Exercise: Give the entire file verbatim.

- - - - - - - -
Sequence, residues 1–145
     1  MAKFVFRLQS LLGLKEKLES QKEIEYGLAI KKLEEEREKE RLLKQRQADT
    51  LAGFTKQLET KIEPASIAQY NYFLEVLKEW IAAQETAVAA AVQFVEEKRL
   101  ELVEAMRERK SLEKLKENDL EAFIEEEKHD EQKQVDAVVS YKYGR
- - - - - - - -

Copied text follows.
Sequence, residues 1–145
     1  MAKFVFRLQS LLGLKEKLES QKEIEYGLAI KKLEEEREKE RLLKQRQADT
    51  LAGFTKQLET KIEPASIAQY NYFLEVLKEW IAAQETAVAA AVQFVEEKRL
   101  ELVEAMRERK SLEKLKENDL EAFIEEEKHD EQKQVDAVVS YKYGR